Fringe Hits and Misses

The numbers are in: For the first four days of the Minnesota Fringe Festival this year, the top-selling shows were “Shakespeare’s Land of the Dead” by Walking Shadow, “The Cody Rivers Show Presents: Stick to Glue,” “An Inconvenient Squirrel,” by Joseph Scrimshaw, “Musical the Musical” by Urban Samurai, and “Mortem Capiendum” by Four Humors Theater. I wouldn’t expect this to change much over the next week: the top shows are a combination of reliable out-of-towners with polished productions and reliable locals with polished productions–and all comedies. On the surface, it would appear that the Fringe will pass this year without major discoveries or disappointments. But that’s because the surprises have mostly been quiet–and pleasant–ones.

The shows that work best this year are not the loudest or most outrageous, as in years past, but often the least ambitious, and I don’t mean that pejoratively. Simple storytelling–a stool and a script, two performers at the most: these shows stand out for their solid writing. See “An Intimate Evening with Mike Fotis: Part Two,” “In Rehearsal,” “The Pumpkin Pie Show,” “Tipping the Bucket.” This used to be a recipe for narcissistic disaster, but many of these stories are not even autobiographical but well-written character studies, and those that are personal are more reflective than navel-gazing. This may be the most welcome and surprising development at the Fringe in years, and as the rest of the entertainment world, from reality TV to Brangelina, seeks to pass off shallow biography as drama, this embrace of real storytelling is refreshing.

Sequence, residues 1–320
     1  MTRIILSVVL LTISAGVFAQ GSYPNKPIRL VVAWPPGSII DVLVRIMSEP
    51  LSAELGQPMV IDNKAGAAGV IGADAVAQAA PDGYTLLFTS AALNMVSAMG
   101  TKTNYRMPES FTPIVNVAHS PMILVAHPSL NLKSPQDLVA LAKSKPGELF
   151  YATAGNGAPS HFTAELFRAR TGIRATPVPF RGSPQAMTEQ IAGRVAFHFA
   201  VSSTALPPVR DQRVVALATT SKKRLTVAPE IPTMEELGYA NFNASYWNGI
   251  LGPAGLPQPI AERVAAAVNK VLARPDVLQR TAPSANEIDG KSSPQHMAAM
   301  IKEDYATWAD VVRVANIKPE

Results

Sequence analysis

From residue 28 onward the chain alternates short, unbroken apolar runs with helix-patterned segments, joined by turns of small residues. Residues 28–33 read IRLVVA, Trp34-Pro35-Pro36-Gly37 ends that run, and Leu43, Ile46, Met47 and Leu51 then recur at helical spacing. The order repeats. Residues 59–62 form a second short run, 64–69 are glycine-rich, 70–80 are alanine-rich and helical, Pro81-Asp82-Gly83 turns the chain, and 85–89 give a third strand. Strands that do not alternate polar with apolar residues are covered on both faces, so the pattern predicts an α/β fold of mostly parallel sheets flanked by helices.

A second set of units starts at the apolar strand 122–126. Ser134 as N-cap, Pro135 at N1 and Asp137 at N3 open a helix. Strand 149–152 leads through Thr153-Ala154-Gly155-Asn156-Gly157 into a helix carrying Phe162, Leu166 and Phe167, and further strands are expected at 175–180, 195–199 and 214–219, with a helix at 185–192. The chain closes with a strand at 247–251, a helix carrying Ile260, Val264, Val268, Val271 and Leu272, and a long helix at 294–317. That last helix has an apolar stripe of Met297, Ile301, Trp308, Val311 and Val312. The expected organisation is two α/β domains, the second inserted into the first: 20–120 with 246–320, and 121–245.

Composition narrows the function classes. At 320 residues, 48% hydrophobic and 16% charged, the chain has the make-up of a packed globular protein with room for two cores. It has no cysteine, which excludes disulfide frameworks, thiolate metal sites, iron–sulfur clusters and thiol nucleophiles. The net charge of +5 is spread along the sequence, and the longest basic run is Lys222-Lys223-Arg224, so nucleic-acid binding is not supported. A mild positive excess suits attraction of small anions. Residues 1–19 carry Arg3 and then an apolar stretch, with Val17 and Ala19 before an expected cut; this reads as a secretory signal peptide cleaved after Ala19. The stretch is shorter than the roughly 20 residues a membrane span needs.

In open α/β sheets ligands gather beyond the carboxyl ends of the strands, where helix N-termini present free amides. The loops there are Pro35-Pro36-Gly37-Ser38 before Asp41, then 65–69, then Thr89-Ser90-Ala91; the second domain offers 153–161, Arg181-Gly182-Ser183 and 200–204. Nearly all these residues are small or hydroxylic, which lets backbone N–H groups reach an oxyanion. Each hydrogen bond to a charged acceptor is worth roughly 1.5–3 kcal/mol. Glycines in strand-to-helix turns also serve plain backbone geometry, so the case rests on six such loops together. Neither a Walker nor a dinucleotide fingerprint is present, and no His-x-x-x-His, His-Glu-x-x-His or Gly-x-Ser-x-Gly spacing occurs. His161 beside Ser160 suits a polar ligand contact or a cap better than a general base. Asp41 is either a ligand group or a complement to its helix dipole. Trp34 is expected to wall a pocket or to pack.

The other surprises are the quality musicals. “The Mistress Cycle” typifies the trend: a serious, poignant take on five famous mistresses throughout history, sung by talented singer-actors who deserve larger stages in the local theater scene. The show’s creators, alas, aren’t local, but the choice of material was nonetheless a sophisticated one. Used to be, a couple of crazy Canadians jogging in place and playing air guitar would provide the festival’s musical highlights. Strong voices and earnest performances are carving out a virtuosic niche.

The infusion of physical/movement theater is also promising in the wake of Theatre de la Jeune Lune’s waning. Live Action Set may surprise everyone but their core followers with their creepy (re)exploration of deviant behavior in, well, “Deviants,” directed by former Jeune Lune principal Bob Rosen, but the challenging content and dance-work keeps the edge honed for a theater world one can expect to play it safe in coming seasons. Here’s simply hoping LAS doesn’t succumb to the same theatrical pitfalls as Jeune Lune, which could’ve used a script doctor’s services from time to time—one can’t survive on imagery alone.

 

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